Warning: Preface Alert!

I have to start this post by making a fairly bold statement, one that goes against the grain of every other pundit, media personality, and journalist opinion.

It is an exciting time for the Linux desktop. How can I make such a bold statement when so many are kvetching about the state of GNOME 3 and Ubuntu Unity? Simple — the Linux desktop has more unique variety now than ever before. We have desktops breaking ground, we have standard-issue desktops bringing to the fore newer and better features, and we have the tried and true unique desktops that have helped to define open source and the Linux desktop experience. And as much as I’ve dogged Ubuntu Unity and GNOME 3, I am proud to say they are part of the Linux experience. With them our future is incredibly bright and will only continue to grow and become something no other platform has.

Now, with that out of the way, it’s time to move on to the topic du jour. KDE 4.8

Recently the KDE desktop was upated to 4.8. The last time I played on the KDE landscape was 4.6 and I was quite impressed with what the KDE team had brought to table. With 4.8 they have made some major updates and enough minor tweaks to the Plasma Workspace to really smack the user upside the head with “wow”.

Some of the new features include:

  • 6 Window Switcher layouts to choose from (using Alt+Tab)
  • Redesigned Adaptive Power Management settings
  • Faster and more elegant file loading in Dolphin
  • New Windowing tricks
  • Easier image scrolling in Gwenview
  • Much improved and more stable KMail
  • Vast stability improvements throughout
  • A new framework (ksecretservice) for sharing passwords and data between applications securely
  • New Qt plasma widgets

The Adaptive Power Management settings might be the most unique of all new features. This power management tool adapts to the user’s current activity and can be fine-tuned by the user.

Of course we all know how it is with adding new features to a desktop that could better benefit from improvements under the hood. Well, the KDE development team obviously took that into consideration when working on 4.8; because 4.8 is about as stable a release as I have seen from the KDE team. Here are my real-world observations that have lead me to make that statement:

Increased overall performance: KDE 4.8 seems to want to think it is XFCE and so it performs remarkably faster than previous iterations. This even holds true when special effects are turned on and heavily used. In fact, it’s almost hard to compare 4.8 to previous iterations, simply because it is that much faster.
Increased stability throughout: This applies to both KDE and non-KDE applications as well as widgets and activities. The 4.8 release really feels solid — no matter what tasks you’re putting the desktop through, you know it’s going to remain strong and not flake out.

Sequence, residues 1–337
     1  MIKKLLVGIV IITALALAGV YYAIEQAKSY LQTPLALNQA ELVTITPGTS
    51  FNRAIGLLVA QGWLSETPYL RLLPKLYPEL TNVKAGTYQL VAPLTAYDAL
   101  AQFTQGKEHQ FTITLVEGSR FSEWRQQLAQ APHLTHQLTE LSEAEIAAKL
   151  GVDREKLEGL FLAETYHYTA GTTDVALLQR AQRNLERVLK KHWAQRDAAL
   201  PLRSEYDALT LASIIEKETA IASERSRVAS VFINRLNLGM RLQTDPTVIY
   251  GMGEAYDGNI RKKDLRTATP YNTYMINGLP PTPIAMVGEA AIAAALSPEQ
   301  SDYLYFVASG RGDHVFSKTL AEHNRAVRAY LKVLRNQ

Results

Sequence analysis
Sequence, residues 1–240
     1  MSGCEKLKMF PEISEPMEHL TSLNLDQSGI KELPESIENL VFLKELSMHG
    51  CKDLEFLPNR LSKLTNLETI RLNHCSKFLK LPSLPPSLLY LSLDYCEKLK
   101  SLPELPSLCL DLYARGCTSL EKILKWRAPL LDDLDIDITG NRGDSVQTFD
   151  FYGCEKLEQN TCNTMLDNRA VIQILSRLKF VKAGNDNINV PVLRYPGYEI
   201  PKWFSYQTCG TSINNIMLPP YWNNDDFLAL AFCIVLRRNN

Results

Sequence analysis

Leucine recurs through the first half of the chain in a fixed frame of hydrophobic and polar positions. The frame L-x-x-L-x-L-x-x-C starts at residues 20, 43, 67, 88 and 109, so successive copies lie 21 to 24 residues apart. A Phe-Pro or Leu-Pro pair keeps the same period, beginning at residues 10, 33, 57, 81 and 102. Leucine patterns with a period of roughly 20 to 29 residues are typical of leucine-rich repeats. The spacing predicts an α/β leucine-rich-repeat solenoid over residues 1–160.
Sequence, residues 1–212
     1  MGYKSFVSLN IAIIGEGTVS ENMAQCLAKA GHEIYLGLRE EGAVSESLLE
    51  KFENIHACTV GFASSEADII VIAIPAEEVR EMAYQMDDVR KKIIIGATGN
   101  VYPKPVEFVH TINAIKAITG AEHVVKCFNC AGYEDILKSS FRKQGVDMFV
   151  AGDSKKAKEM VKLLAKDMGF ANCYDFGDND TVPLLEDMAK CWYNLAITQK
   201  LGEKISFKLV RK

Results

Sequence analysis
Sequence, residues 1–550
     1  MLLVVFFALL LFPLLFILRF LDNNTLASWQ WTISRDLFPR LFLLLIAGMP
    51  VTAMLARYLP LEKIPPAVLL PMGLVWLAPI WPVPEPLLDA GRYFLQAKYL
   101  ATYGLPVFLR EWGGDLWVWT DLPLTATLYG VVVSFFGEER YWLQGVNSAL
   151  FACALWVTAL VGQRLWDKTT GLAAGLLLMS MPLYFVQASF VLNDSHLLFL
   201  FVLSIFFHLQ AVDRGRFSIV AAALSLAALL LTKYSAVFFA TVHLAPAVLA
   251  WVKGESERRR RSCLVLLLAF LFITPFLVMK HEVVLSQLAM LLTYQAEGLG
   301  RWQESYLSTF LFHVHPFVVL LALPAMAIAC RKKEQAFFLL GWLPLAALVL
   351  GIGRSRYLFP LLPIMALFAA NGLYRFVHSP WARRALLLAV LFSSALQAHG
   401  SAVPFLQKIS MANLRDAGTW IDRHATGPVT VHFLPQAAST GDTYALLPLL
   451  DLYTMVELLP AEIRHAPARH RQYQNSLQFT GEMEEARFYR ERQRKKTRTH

Numerous UI improvements: KDE 4.x had been making serious leaps forward with improving the UI design. The 4.8 release puts in place many smaller tweaks that combine together to make for a much improved and unified experience. All applications also enjoy a unified look and feel. Very classy (see Figure above left; click images to enlarge).
Default Activities: There are finally a few default activities created out of the box. By default you will find a desktop icon activity, photos activity, search and launch, and a new activity. There is also a button on the panel that can be clicked to open the Activity Switcher (see Figure at right). I should preface this by saying I am a big fan of the KDE Activities feature. With this tool, it is incredibly easy to have a very organized desktop. The improvements 4.8 bring make this task even easier.
Special Effects: There isn’t much new to the special effects category, but the performance improvement to all effects and to the desktop when effects are used is palpable. Even when using wobbly windows, transparencies, and desktop cube effects, you will not see even the slightest hit on performance.

In the end

Ultimately I can’t say KDE 4.8 would ever drag me away from my favorite desktop — Enlightenment. But I can honestly say this release of KDE has come the closest to any other desktop (in the last couple of years) to make me think, “Maybe this is the one!”

For any Linux desktop user looking for a more traditional desktop — one with loads of modern features — you owe it to yourself to give KDE 4.8 a try. It’s light years ahead of where it was when it originally released and far more in-line with what the average user is accustomed to.

KDE 4.8 might be the finest KDE release to date. Give this one a try and let us all know your reaction.